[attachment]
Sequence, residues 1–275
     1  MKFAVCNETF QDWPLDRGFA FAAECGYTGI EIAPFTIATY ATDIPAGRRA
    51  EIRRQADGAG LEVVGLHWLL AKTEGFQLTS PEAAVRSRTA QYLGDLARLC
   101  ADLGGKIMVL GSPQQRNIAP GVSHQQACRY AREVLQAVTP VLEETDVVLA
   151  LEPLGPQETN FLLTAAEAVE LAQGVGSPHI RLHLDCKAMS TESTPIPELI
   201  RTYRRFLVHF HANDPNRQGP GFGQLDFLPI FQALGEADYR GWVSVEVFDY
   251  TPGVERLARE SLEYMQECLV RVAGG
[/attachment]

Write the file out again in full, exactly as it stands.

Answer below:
Sequence, residues 1–275
     1  MKFAVCNETF QDWPLDRGFA FAAECGYTGI EIAPFTIATY ATDIPAGRRA
    51  EIRRQADGAG LEVVGLHWLL AKTEGFQLTS PEAAVRSRTA QYLGDLARLC
   101  ADLGGKIMVL GSPQQRNIAP GVSHQQACRY AREVLQAVTP VLEETDVVLA
   151  LEPLGPQETN FLLTAAEAVE LAQGVGSPHI RLHLDCKAMS TESTPIPELI
   201  RTYRRFLVHF HANDPNRQGP GFGQLDFLPI FQALGEADYR GWVSVEVFDY
   251  TPGVERLARE SLEYMQECLV RVAGG